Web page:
equivalent resistance of resistors in series : R = R1 + R2 + R3 + …

A parallel circuit is a circuit in which the resistors are arranged with their heads connected together, and their tails connected together. The current in a parallel circuit breaks up, with some flowing along each parallel branch and re-combining when the branches meet again. The voltage across each resistor in parallel is the same.

The total resistance of a set of resistors in parallel is found by adding up the reciprocals of the resistance values, and then taking the reciprocal of the total:

equivalent resistance of resistors in parallel: 1 / R = 1 / R1 + 1 / R2 + 1 / R3 +… Krichoff Rules:-

Kirchhoff’s junction rule states that the algebraic sum of the currents at any branch point or junction in a circuit is zero. Symbolically, we may write , below, as the sum of n currents flowing into a junction:

Kirchhoff’s second rule states that the algebraic sum of the potential changes around any complete loop in the network is zero. Again we may write , symbolically ,as the sum of the potential changes:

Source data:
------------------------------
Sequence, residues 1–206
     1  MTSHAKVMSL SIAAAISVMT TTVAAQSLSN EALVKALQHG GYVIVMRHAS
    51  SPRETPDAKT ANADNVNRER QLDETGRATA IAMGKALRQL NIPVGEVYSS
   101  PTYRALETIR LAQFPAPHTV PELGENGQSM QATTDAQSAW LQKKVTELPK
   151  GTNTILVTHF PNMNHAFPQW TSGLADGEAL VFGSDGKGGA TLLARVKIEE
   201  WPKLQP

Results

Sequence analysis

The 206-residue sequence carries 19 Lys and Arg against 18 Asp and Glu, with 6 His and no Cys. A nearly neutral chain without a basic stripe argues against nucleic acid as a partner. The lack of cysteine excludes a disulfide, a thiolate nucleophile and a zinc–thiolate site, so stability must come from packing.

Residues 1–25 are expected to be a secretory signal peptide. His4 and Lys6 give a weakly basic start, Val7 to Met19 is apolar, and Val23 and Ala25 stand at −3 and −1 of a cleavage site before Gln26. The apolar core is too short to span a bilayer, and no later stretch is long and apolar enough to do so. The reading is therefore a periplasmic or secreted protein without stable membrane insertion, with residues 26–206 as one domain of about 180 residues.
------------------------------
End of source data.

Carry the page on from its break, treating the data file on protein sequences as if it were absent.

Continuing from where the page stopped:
Moving Charge and Magnetism

Magnetism is a phenomenon produced by the motion of electric charge, which results in attractive and repulsive forces between objects.

A magnet is any piece of material that has the property of attracting iron (or steel). Magnetite, also known as lodestone, is a naturally occurring rock that is a magnet. This natural magnet was first discovered in a region known as magnesia and was named after the area in which it was discovered. Magnetism may be naturally present in a material or the material may be artificially magnetized by various methods.

Magnets may be permanent or temporary. After being magnetized, a permanent magnet will retain the properties of magnetism indefinitely. A temporary magnet is a magnet made of soft iron, that is usually easy to magnetize; however, temporary magnets lose most of their magnetic properties when the magnetizing cause is discontinued. Permanent magnets are usually more difficult to magnetize, but they remain magnetized. Materials which can be magnetized are called ferromagnetic materials.